Reigning NL MVP Bryce Harper singled and walked twice against Hendricks, but the right-hander shut down the rest of Washington's lineup. Michael Taylor was stranded at second after a two-out double in the third for the Nationals' first hit.
Jayson Werth hit a long two-run homer in the ninth for Washington, which had won five of six, including a 13-2 victory at World Series champion Kansas City on Wednesday. The Nationals began the day with baseball's second-best record at 19-8.
Joe Ross (3-1) matched Hendricks for much of the chilly night, striking out nine in 6 2/3 innings. The 22-year-old right-hander allowed five hits and walked two.
One rough stretch was enough to send Ross to his first loss since Aug. 16 at San Francisco.
Chicago's first four batters in the fourth reached safely, producing two runs. Tommy La Stella singled, Kris Bryant had a ground-rule double and Anthony Rizzo was walked intentionally before Zobrist's single to right gave the Cubs a 2-0 lead.
Rizzo was thrown out trying to advance to third on Zobrist's hit, and Ross retired the next two hitters to get out of the inning. But the damage was done.
Clayton Richard and Justin Grimm combined for a perfect seventh for Chicago before Pedro Strop wriggled out of a jam in the eighth.
Zobrist connected for his third homer and Addison Russell added an RBI double in the bottom half, providing some valuable breathing room.
After Werth went deep against Travis Wood with two down, Hector Rondon retired Wilson Ramos on a liner to first for the final out.
Washington second baseman Daniel Murphy was greeted with a round of boos when he came to the plate in the second inning. It was Murphy's first game at Wrigley Field since he hit four homers while helping the New York Mets sweep the Cubs in the NL Championship Series last year.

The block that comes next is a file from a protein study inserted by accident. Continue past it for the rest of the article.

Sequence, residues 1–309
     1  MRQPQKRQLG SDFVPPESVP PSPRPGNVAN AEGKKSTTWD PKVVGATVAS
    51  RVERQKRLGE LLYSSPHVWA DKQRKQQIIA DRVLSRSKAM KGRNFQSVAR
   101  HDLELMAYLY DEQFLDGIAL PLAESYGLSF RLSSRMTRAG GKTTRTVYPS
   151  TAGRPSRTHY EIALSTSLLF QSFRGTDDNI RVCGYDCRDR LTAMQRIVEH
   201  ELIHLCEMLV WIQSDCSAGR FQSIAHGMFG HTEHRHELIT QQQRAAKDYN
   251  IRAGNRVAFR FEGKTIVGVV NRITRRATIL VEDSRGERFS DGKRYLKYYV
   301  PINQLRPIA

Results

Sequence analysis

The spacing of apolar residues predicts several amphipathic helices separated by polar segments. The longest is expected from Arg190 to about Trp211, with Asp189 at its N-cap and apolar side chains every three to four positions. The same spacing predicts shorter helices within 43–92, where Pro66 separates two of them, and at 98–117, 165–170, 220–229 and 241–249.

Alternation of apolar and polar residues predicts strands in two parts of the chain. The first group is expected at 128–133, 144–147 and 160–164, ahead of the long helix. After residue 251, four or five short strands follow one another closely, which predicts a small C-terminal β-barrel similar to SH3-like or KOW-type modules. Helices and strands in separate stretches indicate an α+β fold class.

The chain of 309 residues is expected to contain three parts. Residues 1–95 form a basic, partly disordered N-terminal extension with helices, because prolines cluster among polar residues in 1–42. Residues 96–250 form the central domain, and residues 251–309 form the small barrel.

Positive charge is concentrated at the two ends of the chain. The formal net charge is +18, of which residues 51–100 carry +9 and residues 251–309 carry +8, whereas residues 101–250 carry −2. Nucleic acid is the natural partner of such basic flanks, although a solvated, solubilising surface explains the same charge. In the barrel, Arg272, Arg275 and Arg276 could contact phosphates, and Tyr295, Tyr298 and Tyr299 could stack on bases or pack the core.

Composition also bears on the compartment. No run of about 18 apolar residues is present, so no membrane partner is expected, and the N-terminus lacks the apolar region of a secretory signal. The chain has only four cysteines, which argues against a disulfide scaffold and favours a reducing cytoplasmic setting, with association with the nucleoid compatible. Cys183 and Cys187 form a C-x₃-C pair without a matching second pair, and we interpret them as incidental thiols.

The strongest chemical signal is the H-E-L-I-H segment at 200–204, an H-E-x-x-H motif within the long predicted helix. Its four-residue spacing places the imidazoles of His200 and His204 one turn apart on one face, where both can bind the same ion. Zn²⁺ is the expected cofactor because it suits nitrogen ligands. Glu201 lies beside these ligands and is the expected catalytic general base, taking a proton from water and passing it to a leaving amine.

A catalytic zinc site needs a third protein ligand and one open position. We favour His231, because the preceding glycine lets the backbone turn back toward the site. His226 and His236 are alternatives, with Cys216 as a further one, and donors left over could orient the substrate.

CHANGE OF PLANS
Cubs outfielder Jason Heyward tested his sore right wrist in batting practice and was planning to return to the lineup on Friday if he felt OK. But he ended up playing center in the series opener after Dexter Fowler was ejected for arguing with home plate umpire Vic Carpazza after he struck out looking to end the third.
Heyward, who signed a $184 million, eight-year contract with Chicago during free agency, went 0 for 2 with a strikeout.
Nationals: OF Ben Revere, who is on the disabled list with a right oblique strain, rejoined the team and could be activated soon. "I'd rather wait an extra day, especially because I've seen too many guys say I'm ready and they come back and they do it again," manager Dusty Baker said. "Hopefully he doesn't injure himself again the rest of the year."
Cubs: C Miguel Montero, on the DL with lower back tightness, hit before the game and manager Joe Maddon said trainer P.J. Mainville was encouraged with his progress.
Washington ace Max Scherzer (3-1, 3.35 ERA) takes on John Lackey (3-1, 4.32 ERA) in a matchup of veteran right-handers on Friday afternoon. Scherzer is 1-0 with a 1.42 ERA in three career starts at Wrigley. Lackey needs six strikeouts to become the fifth active pitcher with at least 2,000 Ks, joining CC Sabathia, Bartolo Colon, Felix Hernandez and Jake Peavy.
After leading the Capitals to their second Presidents' Trophy in franchise history, head coach Barry Trotz has been named a finalist for the Jack Adams Award, the NHL announced Thursday. The award is voted on by the NHL Broadcasters' Association and is officially awarded to the coach who has "contributed the most to his team's success."
Lindy Ruff of the Dallas Stars and Gerard Gallant of the Florida Panthers are also finalists.
In his second season as coach, Trotz led the Caps to a 56-18-8 record and a Presidents' Trophy. The team set franchise records in wins (56) and road wins (27) and also came just one shy of tying records in home wins (29) and points (120).
This is the third time Trotz has been named a finalist for the Jack Adams. He finished second in 2010 and third in 2011 while with the Nashville Predators. Should Trotz win, he will become the third coach to win the award in franchise history. Bryan Murray won for the 1983-84 season and Bruce Boudreau for the 2007-08 season.
The winner of the award will be announced during the 2016 NHL Awards on June 22.